How to Have Style

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I would like to thank Polly from my French Chic group for bringing my attention to this article from I think this is an amazing article that really defines style and how it is different from fashion and not a superficial, stupid characteristic to possess. Many times I feel I have to apologize for having a blog about style, thinking people find me to be materialistic and silly to care so much about such a subject. But style is not stupid, materialistic, or silly and Hara Estroff Marano defines style quite perfectly in this article. Enjoy!

How to Have Style
Unlike fashion, a sense of style comes from within.
By: Hara Estroff Marano

It’s clear to me from the many people I talk to that there is a great misunderstanding about style. Style is not a price. It is not an age. It is not a size. And it can be learned.

Style is one part self-knowledge and one part self-confidence. In other words, it’s an attitude. It is a life-affirming expression of your character and spirit, a conviction that you are worth knowing, worth looking at and can present yourself well. It is knowing your strengths and weaknesses so that you can accentuate your strengths, not hide real or imagined shortcomings. Feeling good about yourself is a sine qua non of looking good.

There is one more element of style, and that is clothes, but style should never be confused with fashion. Fashion is synonymous with clothes, but style is merely expressed through clothes. Fashion is IN the clothes. Style is IN the wearer.

Style is nothing if not a celebration of individuality, of individual variability. It glorifies the fact that we are all different. It exposes as preposterous the notion that there is an ideal body, an ideal woman—that there is only one perfect way to look, that any one way is perfect for all
women. Style always delights because it is a revelation that the possibilities for originality are limitless.

Style rejects ideals. It goes its own way. In fact, style is nothing if not a triumph of the fresh and unusual.

Style is democratic. It assumes that every woman has the potential to create an identity that’s unique, and to express it through how she carries herself, how she grooms herself, what she puts on.

Yet style is aristocratic. It sets apart those who have it from those whose dress is merely functional, utilitarian. It announces to the world that the wearer has a sense of herself and has assumed command of herself.

Style is intelligent, because it requires self-knowledge. Style hugs the self closely, even though it never represents the whole self at one time. The self is too complex to be represented by any one way of dressing.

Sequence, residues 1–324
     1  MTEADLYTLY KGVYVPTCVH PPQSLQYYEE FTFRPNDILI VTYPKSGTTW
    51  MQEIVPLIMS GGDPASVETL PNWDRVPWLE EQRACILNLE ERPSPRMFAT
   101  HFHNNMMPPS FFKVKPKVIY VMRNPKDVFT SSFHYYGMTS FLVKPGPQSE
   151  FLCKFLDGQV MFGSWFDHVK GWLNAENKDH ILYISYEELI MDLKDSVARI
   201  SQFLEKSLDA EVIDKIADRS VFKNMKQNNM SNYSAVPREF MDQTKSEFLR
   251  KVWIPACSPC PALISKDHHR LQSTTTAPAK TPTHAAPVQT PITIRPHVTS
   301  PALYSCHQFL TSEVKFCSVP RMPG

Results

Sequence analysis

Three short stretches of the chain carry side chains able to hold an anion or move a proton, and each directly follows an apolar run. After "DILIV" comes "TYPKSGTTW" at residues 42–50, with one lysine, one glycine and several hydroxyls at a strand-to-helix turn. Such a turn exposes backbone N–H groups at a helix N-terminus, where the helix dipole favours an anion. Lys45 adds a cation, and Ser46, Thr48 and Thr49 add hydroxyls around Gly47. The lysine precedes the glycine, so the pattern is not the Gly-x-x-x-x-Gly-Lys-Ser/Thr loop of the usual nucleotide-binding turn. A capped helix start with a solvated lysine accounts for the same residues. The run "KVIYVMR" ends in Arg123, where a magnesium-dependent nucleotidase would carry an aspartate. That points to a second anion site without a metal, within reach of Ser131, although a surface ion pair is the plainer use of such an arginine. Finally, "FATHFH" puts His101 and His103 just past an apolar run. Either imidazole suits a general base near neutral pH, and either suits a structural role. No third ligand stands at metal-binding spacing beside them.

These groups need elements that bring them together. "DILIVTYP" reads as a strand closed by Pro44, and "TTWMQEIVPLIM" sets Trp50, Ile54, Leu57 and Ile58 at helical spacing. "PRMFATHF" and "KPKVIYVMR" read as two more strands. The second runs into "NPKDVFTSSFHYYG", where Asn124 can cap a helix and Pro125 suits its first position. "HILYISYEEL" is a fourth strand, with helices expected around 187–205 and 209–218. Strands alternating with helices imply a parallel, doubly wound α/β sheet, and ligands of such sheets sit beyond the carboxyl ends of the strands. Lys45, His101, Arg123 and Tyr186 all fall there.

Style is optimistic. It is optimism made visible. Style presumes that you are a person of interest, that the world is a place of interest, that life is worth making the effort for.

There is no style without taking risk, without exploring new sides of the self, without saving what works and discarding the errors. Style, then, is a springboard for personal growth.

There are those who criticize style for its trendiness and materialistic consumption. But they are confusing style with fashion. Fashion is preoccupied with change merely for change’s sake, to stoke consumer purchases.

Style is in fact a way of avoiding the clutter of stuff. It is a way of sorting through the crowded marketplaces, a way of selecting, making choices influenced not so much by pressures such as advertising but by internal considerations. This kind of style no more requires change from season to season that does your character. But neither is it completely static. Ideally it should evolve over time, as character does.

Style is really self-knowledge applied selectively—selectivity is its essence—to the material world.

for Success, 20 November 2003
Last Reviewed 29 Mar 2006
Article ID: 3123

A woman with curly hair wearing a plaid blazer holds a green fur coat over her shoulder on a city street.

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  1. Great post–for those of us without model perfect bodies and too much cash to throw away on trends, this makes so much sense. I have always tried to focus on style rather than fashion, since I’m 5’0″ and round-ish, and now over 40 (talk about the Death Valley of clothing: if you don’t want to look like one of the Golden Girls or simply frumpy, you are spot out of luck!). By the way, take a look at the most recent post by The Frugal Duchess: she talks sense about trends, toxic chemicals in cosmetics, and body image in ads!

  2. Love this article because in the last year or so I’ve really “gotten” this concept. I edited my wardrobe mercilessly, and now I’m very picky about what I add. I ask if it’s “me,” if it’s functional, if I truly want to live in it or if I just liked the ad. I walk out of a store more often now without buying anything, and I feel so great that I am finding my own style and sticking with it.

    Also, on the subject of style/fashion being frivilous–it’s true that it’s not as important as food or shelter, but clothing transports me. It makes me feel like a 40s bombshell or a Grecian goddess. And that’s just plain fun.

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